Comcast-Time Warner Cable: The NY Times Likes It, So Why Worry?
An online piece from the New York Times Business Day section makes the case that because Comcast/Time Warner merger will allow the new company to squeeze content providers, the resulting savings will flow through to their customers. The general tone of the piece is that anyone that has issue with deal is relying on old-fashioned regulatory standards. And they’re right. They just picked the wrong side of the argument.
The likely result of this combination is that any cost savings from content costs will go directly to Comcast’s bottom line (not that there’s anything wrong with it). Because seriously, when was last time your cable or internet provider, or any utility for that matter, called you up and said, “Hey, we just cut a money-saving deal, so we’re going to charge you less.” Meanwhile, the content providers they squeeze (i.e. Netflix, Hulu) will simply make up for the pressure to their margins with higher prices to their subscribers (like me and you). I’m still trying to figure out why they think anyone’s Comcast bills will go down.
But according to the geniuses quoted in the NYT piece, since the two companies don’t currently operate in the same local cable markets, “the merger really has no impact on competition”. They say this deal is “pretty much an open-and-shut case”. Correct, except for the fact that they’ve got it backwards. It’s open-and-shut that this deal shouldn’t happen, since the result would be a monopoly. How else would one classify a company that controlled over 30% of US internet infrastructure, almost 30% of the country’s cable subscriber base, plus NBC Universal?
This deal essentially creates a high-tech version of Standard Oil, with little to benefit the consumer. Unless they happened to own Comcast stock.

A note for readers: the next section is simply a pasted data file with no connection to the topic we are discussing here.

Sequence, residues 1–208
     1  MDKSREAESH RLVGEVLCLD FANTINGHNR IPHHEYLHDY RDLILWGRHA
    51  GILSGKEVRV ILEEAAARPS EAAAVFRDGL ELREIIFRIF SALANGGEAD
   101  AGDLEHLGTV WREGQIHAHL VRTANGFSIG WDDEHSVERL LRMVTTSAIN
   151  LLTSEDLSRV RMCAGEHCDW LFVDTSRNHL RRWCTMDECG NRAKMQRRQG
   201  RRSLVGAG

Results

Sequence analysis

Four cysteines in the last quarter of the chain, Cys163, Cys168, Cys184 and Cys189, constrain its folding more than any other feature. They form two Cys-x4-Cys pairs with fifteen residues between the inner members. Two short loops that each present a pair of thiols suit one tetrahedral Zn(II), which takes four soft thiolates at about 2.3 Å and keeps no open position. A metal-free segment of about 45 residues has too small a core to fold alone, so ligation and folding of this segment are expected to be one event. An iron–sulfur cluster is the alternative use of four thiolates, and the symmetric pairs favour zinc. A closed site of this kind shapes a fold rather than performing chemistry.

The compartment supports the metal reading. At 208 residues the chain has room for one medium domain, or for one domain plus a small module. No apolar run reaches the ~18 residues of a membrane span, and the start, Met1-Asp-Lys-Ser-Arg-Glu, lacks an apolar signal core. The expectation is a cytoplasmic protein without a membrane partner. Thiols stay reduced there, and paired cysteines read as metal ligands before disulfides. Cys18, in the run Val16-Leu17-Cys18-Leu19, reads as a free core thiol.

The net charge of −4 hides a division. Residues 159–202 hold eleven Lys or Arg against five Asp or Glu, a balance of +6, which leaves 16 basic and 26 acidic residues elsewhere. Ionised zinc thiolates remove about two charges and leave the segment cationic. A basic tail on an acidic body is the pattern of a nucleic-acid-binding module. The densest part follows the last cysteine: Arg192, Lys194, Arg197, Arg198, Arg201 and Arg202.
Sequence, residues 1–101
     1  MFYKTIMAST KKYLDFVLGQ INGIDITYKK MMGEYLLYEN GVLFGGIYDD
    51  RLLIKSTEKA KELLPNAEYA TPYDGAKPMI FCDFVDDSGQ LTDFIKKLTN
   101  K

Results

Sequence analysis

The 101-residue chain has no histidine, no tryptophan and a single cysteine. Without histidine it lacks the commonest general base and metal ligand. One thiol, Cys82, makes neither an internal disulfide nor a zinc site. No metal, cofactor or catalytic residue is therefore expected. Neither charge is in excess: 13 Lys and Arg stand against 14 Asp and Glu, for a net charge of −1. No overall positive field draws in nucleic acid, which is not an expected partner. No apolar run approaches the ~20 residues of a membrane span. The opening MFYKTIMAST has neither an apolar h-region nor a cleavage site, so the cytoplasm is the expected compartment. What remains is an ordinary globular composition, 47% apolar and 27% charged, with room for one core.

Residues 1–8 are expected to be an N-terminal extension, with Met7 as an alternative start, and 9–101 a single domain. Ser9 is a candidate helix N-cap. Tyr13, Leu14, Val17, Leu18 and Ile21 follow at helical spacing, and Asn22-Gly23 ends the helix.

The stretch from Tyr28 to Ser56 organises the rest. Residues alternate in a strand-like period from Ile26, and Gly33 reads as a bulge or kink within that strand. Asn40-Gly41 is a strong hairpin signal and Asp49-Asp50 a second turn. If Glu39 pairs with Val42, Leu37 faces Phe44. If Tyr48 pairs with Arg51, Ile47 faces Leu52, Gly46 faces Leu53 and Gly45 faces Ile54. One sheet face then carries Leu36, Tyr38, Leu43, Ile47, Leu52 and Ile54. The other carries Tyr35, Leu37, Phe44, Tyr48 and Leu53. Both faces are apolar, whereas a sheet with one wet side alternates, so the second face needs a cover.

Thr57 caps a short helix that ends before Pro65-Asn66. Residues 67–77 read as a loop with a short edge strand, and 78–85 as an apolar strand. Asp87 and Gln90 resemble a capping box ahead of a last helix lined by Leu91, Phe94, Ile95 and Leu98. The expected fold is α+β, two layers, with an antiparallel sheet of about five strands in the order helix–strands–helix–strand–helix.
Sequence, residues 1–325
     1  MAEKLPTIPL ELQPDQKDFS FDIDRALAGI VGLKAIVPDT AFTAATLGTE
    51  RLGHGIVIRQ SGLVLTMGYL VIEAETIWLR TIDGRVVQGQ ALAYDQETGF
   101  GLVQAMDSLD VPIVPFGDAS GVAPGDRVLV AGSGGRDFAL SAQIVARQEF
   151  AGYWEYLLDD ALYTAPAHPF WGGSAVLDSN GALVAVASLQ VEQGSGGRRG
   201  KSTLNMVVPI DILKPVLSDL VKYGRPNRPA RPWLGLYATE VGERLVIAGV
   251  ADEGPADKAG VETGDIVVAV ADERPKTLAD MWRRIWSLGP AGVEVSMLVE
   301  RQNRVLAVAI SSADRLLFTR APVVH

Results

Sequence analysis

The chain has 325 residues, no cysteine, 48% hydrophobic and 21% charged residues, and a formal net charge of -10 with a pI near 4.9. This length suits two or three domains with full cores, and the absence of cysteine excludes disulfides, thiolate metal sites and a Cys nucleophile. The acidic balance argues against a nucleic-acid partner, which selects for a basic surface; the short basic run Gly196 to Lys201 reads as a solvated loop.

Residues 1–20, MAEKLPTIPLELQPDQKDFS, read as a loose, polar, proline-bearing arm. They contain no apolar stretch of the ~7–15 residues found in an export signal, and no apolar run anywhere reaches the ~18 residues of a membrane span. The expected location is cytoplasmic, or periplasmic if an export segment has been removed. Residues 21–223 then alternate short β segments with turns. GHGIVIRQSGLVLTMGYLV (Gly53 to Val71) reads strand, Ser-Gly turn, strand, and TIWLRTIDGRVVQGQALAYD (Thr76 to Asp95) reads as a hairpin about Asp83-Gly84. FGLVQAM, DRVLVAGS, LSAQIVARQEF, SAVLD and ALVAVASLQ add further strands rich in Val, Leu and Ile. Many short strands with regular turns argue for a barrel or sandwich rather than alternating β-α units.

No, not the NFL Combine (that’s over anyway). But if you’re interested in working on Wall Street and thought you never stood a chance, this may be your shot at the big time.
Set up as a competition, the Wall St. Combine will pick 50 winners from a pool of applicants based on a variety of metrics. Over the course of a weekend, judges will look at intangibles like street-smarts, raw intellect and how you handle pressure, to see if you’ve got what it takes. The 50 winners get an intro to an exclusive finance network that will help put them on the right career path, according to the Combine organizers. In other words, an all-access pass to the shakers and movers on the Street.
This Combine isn’t just for guys. All college juniors and seniors are eligible, as well as post-grads under two years. So, if you didn’t go to the so-called “right school” or your GPA didn’t earn you a look from the bulge-bracket talent scouts, here’s your chance to go pro. Sounds like it’s worth a look.
WebpageFX, an internet marketing firm, created the following maps to analyze how the Comcast-Time Warner Cable merger could affect the market for internet service providers. To build these images, data was collected based on how many visits each ISP received in every state. The companies displayed in these images were the most prominent ones in each state.